CalPERS Case Against Rating Agencies Proceeds

The agencies all gave "triple-A" ratings to several structured investment vehicles that collapsed in 2007 and 2008.

(May 5, 2010) — The $211.4 billion California Public Employees Retirement System (CalPERS) won a court decision allowing it to proceed with its suit against the three biggest credit rating agencies — Standard & Poor’s, Moody’s Investors Service and Fitch Ratings — saying their faulty risk assessments caused $1 billion in losses.

On April 30, San Francisco superior court judge Richard Kramer ruled in favor of the largest U.S. public pension fund allowing it to proceed with its lawsuit, rejecting a request by the rating agencies to dismiss the fund’s claim of negligent misrepresentation, CalPERS spokesman Brad Pacheco said in an email, according to The Wall Street Journal.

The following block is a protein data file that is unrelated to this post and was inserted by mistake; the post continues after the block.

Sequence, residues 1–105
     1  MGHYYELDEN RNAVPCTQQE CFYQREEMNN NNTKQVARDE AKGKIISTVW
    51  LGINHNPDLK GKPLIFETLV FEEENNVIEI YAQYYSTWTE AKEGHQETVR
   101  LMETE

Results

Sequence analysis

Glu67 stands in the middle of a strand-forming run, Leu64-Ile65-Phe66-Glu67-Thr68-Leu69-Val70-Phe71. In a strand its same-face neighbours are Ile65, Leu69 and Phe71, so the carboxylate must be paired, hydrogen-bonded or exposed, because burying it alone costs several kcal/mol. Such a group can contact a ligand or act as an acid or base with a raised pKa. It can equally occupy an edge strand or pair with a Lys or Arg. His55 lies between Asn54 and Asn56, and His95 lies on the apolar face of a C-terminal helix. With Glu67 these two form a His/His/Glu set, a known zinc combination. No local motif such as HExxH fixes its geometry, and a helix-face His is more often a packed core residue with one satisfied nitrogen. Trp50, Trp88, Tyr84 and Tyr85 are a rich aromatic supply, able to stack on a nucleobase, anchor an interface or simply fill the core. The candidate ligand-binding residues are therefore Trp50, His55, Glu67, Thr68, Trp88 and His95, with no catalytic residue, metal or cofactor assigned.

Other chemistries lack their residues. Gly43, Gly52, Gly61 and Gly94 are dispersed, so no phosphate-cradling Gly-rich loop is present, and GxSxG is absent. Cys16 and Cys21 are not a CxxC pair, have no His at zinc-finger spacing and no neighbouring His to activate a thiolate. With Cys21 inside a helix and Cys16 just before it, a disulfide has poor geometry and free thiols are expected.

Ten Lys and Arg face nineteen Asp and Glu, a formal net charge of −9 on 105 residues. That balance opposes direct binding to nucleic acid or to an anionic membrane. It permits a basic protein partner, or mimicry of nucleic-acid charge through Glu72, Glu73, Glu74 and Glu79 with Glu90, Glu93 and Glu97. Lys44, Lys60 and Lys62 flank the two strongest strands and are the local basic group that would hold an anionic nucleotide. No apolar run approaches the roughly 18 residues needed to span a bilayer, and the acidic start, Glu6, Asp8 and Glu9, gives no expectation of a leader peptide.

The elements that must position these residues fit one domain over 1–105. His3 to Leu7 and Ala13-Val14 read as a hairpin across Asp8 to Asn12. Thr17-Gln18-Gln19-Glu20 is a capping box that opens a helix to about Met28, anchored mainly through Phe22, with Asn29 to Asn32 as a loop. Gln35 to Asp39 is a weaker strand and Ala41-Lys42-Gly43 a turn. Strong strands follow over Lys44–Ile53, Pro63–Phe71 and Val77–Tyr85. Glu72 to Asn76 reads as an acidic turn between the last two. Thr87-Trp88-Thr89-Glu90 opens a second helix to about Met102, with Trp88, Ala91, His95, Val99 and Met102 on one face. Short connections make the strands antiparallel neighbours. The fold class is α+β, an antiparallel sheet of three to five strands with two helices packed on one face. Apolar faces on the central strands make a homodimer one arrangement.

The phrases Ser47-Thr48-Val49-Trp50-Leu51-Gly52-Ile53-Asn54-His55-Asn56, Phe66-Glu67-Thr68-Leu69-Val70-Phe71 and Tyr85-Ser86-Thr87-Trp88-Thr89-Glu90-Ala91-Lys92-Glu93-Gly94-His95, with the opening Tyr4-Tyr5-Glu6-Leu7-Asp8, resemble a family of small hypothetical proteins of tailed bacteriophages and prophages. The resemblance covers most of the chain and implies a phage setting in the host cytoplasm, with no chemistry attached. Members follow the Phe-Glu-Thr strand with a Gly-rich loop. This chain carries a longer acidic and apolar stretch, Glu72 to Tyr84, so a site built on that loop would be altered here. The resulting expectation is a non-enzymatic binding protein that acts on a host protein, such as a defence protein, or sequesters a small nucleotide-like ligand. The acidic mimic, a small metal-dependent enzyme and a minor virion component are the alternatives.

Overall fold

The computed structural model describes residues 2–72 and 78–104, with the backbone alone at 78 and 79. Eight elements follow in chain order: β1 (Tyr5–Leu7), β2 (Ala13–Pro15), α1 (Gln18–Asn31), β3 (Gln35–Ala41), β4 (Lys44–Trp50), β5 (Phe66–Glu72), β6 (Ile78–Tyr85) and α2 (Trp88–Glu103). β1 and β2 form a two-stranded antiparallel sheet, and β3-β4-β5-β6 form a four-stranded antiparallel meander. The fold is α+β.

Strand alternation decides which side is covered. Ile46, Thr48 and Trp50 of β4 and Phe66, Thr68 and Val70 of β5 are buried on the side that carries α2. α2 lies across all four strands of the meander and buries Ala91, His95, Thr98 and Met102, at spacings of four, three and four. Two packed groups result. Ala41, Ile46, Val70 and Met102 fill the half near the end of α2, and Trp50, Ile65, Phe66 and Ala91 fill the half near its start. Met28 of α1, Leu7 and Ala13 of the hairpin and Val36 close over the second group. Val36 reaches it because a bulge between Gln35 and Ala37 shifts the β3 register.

The news reflects how rating agencies are facing heightened pressure and scrutiny for their role in the economic crisis. Many people believe that these agencies, blamed for inflated ratings to risky debt to win more business from issuers, were directly responsible for the credit crisis.

In its suit filed July 9, the California fund claimed the three major bond-rating companies made “wildly inaccurate” risk assessments on structured investment vehicles. CalPERS asserts it had bought $1.3 billion of debt issued by Cheyne Finance LLC, Sigma Finance Inc and Stanfield Victoria Funding LLC, SIVs that received highest ratings. The fund suffered heavy losses when these investments collapsed in value in 2007 and 2008.

While denying wrongdoing, the rating agencies are up against similar suits by institutional investors in Manhattan federal court.

To contact the <em>aiCIO</em> editor of this story: Paula Vasan at <a href=''></a>; 646-308-2742